The methods used in most microbiological test laboratories originated in the laboratories of Koch, Lister, and Pasteur. As
such, they are very old, typically over a hundred years. While numerous changes have occurred in the chemistry laboratory,
there have been limited improvements in methods used for microbiological testing. In the past decade, the focus of many researchers
has been the study and implementation of improved methods for the isolation, early detection, characterization, and enumeration
of microorganisms and their products. In common language, this translates to better methods, automated methods, miniaturized
methods, and methods that require less time or expense.
All of these methods are collectively grouped into the category of rapid microbiological methods (RMM). In some compendia,
these are also called alternative microbiological methods. The methods range from simple dip-stick-type tests to very complex
automated systems that perform a variety of tests using a variety of techniques. The prices for these methods vary greatly,
from a few dollars to hundreds of thousands of dollars. Although these methods are called rapid microbiological methods, many
have their roots in other sciences, e.g., chemistry, molecular biology, biochemistry, immunology, immunochemistry, molecular
electronics, and computer-aided imaging.
Rapid microbiological methods provide significant opportunities for pharmaceutical companies to obtain data that may be significantly
better than that obtained via traditional methods, may be more cost effective, may provide marketing advantages, and may allow
for coordinated process analytical technologies to be fully integrated within a facility.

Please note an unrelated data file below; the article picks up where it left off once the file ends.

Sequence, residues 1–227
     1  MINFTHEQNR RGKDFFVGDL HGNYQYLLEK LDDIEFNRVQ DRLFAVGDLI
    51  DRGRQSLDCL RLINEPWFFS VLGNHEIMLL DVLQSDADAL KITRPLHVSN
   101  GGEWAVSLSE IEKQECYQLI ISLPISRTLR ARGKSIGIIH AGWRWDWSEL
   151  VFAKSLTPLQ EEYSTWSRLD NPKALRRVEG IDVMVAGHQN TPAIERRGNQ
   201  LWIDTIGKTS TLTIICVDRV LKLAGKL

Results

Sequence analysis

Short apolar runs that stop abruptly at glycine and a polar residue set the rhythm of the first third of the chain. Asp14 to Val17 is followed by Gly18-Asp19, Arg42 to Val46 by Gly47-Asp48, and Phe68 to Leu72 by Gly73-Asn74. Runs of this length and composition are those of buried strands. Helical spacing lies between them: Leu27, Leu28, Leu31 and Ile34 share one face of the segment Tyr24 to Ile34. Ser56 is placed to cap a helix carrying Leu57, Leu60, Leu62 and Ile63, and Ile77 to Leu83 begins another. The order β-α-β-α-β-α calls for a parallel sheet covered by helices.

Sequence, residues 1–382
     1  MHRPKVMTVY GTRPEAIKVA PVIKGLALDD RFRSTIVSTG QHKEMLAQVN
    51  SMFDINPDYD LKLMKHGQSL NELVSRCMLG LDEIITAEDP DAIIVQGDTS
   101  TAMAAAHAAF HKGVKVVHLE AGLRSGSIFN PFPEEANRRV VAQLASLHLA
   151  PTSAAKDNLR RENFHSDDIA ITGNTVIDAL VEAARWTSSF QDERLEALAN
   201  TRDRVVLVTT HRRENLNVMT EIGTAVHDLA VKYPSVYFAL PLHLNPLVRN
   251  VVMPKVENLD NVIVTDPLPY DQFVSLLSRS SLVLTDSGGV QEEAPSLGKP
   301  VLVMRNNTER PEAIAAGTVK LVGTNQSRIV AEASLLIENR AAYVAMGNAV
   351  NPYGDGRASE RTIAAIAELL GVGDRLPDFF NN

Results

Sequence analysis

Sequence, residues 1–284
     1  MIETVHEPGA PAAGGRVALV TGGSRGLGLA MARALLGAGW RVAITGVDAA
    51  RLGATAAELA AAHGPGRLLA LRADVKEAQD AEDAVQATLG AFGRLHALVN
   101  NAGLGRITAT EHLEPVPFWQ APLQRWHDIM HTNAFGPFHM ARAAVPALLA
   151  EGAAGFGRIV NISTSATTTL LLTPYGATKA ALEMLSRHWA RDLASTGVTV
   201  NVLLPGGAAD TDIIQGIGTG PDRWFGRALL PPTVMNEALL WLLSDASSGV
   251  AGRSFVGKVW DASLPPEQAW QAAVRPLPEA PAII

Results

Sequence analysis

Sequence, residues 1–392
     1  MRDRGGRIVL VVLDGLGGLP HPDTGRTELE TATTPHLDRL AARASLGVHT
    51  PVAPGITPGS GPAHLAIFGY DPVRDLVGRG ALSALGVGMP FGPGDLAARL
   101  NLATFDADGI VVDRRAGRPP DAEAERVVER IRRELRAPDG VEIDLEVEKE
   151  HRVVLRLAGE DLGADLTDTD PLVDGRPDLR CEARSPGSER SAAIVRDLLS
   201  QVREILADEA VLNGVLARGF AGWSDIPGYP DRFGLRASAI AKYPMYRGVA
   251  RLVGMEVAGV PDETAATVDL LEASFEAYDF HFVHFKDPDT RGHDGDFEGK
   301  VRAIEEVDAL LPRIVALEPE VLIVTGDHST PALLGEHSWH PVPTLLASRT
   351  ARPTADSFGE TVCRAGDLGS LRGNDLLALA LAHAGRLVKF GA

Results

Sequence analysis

SLOW TO ADOPT NEW METHODS
While science moved forward in developing new microbiological methods, industry was slow to accept and implement these methods.
One of the greatest concerns was that regulators would not recognize these methods as superior to traditional ones. Another
concern was that companies would not be allowed to change test limits based upon the test method — i.e., they would use a
superior method that was likely to detect more organisms, and they would not be allowed to adjust limits to accommodate the
sensitivity of the new method. A further concern was that the first company to submit a new technology for regulatory approval
would have a much more difficult time obtaining approval than companies that submitted later.
In recent years, a variety of documents has been issued or drafted to help the microbiologist select, purchase, implement,
and regulate the submission of rapid microbiological methods. We discuss six.
Parenteral Drug Association Technical Report Number 33
The Parenteral Drug Association (PDA) was one of the first organizations to develop guidance for evaluating, implementing,
and validating rapid microbiological methods. Guidance information was published as Technical Report 33 (PDA TR No 33).1 This document was developed by a committee of individuals from industry, regulatory agencies, compendial groups, and instrument
vendors. This guidance provided definitions, in microbiological terms, for validation criteria similar to the information
in United States Pharmacopeia (USP) <1225> for chemistry methods.2
USP Proposed Chapter <1223> on Alternative Microbiological Methods Validation
The USP proposed a draft monograph <1223>, Validation of Alternative Microbiological Methods, which defines various validation
criteria that may be used for rapid microbiological methods and defines these criteria in terms of microbiology. Additionally,
the proposal identifies how to determine which criteria apply to different technologies, based on the type of testing being